Too much carbon in the atmosphere and temperatures rise and the climate gets weird. Too much carbon in the water causes acidification, which dissolves the shells of anything that depends on a shell. Warmer air also raises water temperature, which in turn contributes to the melting of polar ice caps and to sea-level rise (seawater expands as it heats up). If that weren't enough, warmer water also means less dissolved oxygen for fish and other critters of the deep to breathe.
Meanwhile back on land deforestation and fertilizer-intense agricultural practices have dramatically reduced the amount of carbon stored in soil. Where did it go? Into the air, of course, with some of it eventually being taken up by the sea. Carbon-poor soil is also less fertile, so bad gets worse. In short, everything carbon-wise that could go wrong actually is going wrong.
With all that in mind, I watched a special screening of "Chasing Coral," a film about a band of intrepid scientists who managed to document coral bleaching in real time. It is heartbreaking. First you see life in all its extravagant technicolor glory and then boom, it turns into a monochromatic wasteland for as far as the eye can see. When the water gets a little too warm and/or a little too acidic, corals—complex animals made up of identical polyps that live in balance with symbiont photosynthensizing plankton—depart this world in a neon flash of fluorescence. This is what a tipping point looks like.
Farming kelp won't be nearly enough to save the coral, but it is an interesting move in the right direction. Kelp, also known as seaweed—and to the trendy as "seagreens"—is kind of the ocean's answer to trees. In a single growing season, a plant can grow from a couple of centimeters to 18 feet, absorbing vast amounts of carbon in the process.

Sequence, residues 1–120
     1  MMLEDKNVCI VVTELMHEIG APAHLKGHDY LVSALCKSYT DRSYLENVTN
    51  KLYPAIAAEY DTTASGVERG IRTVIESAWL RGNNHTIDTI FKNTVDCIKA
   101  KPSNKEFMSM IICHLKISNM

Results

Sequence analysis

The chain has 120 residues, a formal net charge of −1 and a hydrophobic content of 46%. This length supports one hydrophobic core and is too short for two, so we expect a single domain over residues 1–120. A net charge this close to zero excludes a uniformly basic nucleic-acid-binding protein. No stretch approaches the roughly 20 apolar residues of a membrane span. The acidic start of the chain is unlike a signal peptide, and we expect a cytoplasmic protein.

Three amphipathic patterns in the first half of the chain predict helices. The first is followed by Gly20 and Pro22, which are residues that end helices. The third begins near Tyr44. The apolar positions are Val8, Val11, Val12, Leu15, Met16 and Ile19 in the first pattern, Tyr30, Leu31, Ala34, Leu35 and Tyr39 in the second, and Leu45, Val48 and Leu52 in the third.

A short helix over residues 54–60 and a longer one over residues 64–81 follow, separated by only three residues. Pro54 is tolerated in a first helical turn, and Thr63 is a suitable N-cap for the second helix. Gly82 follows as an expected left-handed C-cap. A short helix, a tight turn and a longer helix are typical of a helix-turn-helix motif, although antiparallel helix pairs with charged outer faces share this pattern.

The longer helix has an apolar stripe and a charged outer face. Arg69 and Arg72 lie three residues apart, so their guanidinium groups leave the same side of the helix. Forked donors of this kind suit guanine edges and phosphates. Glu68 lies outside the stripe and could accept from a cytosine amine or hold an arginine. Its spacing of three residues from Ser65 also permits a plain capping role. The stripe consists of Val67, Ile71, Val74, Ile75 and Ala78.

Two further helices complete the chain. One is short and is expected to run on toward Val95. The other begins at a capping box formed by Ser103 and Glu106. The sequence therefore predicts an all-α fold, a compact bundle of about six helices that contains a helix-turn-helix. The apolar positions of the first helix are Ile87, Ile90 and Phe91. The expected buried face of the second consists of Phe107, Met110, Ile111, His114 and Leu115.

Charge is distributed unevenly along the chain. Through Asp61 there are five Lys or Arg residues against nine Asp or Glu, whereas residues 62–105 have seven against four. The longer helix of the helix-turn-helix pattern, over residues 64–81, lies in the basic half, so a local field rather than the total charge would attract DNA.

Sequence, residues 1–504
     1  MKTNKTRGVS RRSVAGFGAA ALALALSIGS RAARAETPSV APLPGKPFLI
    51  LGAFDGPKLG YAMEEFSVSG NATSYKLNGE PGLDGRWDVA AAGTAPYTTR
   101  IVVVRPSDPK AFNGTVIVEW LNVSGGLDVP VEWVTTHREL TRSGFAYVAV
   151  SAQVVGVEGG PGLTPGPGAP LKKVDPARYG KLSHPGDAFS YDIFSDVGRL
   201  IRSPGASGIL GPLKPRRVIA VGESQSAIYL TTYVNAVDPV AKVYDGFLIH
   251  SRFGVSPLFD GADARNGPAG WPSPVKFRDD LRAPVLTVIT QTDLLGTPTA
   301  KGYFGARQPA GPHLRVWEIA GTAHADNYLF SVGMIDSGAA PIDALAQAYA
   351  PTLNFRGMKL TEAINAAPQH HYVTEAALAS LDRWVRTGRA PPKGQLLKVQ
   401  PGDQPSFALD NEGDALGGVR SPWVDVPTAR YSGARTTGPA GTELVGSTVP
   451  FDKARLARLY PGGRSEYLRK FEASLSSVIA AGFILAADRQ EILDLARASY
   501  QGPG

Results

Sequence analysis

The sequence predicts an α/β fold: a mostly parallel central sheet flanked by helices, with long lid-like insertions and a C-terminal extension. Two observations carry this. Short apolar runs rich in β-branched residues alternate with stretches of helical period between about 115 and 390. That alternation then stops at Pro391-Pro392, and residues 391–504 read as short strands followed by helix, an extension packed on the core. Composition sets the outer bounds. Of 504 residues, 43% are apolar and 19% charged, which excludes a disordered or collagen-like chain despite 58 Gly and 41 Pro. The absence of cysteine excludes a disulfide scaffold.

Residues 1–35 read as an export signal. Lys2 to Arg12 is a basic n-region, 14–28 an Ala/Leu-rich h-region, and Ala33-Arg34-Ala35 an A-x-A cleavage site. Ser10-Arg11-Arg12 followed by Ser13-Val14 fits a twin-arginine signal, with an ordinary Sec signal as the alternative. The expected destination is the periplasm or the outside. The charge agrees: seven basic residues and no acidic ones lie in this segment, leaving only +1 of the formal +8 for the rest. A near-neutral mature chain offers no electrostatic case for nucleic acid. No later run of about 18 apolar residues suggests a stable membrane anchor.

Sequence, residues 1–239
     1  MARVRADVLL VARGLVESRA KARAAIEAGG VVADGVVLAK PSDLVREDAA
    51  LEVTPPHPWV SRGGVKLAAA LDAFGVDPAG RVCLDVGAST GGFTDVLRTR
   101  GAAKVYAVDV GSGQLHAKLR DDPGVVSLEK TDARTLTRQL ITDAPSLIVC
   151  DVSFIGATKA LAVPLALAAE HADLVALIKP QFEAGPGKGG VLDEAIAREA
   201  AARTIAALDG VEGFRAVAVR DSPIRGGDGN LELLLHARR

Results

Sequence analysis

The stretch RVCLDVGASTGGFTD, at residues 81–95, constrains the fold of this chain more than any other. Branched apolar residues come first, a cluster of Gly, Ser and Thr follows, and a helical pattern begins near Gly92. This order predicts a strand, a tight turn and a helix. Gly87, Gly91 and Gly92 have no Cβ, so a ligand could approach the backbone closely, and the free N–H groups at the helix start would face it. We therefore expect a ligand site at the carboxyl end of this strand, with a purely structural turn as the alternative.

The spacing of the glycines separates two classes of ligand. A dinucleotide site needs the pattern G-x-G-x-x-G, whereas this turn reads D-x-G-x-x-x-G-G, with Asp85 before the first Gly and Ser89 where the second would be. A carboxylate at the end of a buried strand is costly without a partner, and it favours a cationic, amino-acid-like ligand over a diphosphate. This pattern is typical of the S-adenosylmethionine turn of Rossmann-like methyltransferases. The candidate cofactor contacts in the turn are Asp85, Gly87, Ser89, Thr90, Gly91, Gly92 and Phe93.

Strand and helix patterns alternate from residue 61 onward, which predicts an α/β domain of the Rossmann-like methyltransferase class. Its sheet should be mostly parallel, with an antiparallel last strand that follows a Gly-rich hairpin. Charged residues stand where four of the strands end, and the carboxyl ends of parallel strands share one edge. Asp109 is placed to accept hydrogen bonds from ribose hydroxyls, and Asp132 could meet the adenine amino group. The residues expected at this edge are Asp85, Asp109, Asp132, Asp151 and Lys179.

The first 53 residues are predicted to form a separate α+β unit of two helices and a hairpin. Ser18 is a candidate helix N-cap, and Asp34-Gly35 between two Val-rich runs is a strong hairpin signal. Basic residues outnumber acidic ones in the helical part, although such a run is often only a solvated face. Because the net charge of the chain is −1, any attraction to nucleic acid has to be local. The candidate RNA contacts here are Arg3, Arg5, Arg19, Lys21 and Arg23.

Kelp farming, which has long been a staple in Asia, is coming to the US. The 60 Minutes segment focuses on Bren Smith, a fisherman-turned-farmer & kelp evangelist with a 20-acre spread off the coast of Connecticut. He actually grows three crops: kelp on top of scallops on top of oysters. It's the marine counterpart to the "three sisters"—beans, corn and squash—a polyculture of foodie goodness.
• Damaged coral reefs are going quiet and young fish can't find their way home | ABC
• Hat Tip to DIRTT, Humanscale and Interface for hosting the "Chasing Coral" screening
• Greenwave | website
• Meet the new US entrepreneurs farming seaweed for food and fuel | The Guardian
• Superfood Seagreens: A Guide to Cooking with Power-packed Seaweed | book
• Seaweed Soup - a MathStart story about matching sets by my friend Stuart J. Murphy!
• Lessons of the Lamp Post Garden: How a Healthy Soil Microbiome Can Slow Climate Change, Fix Agriculture & Make Just About Everything Better | J. A. Ginsburg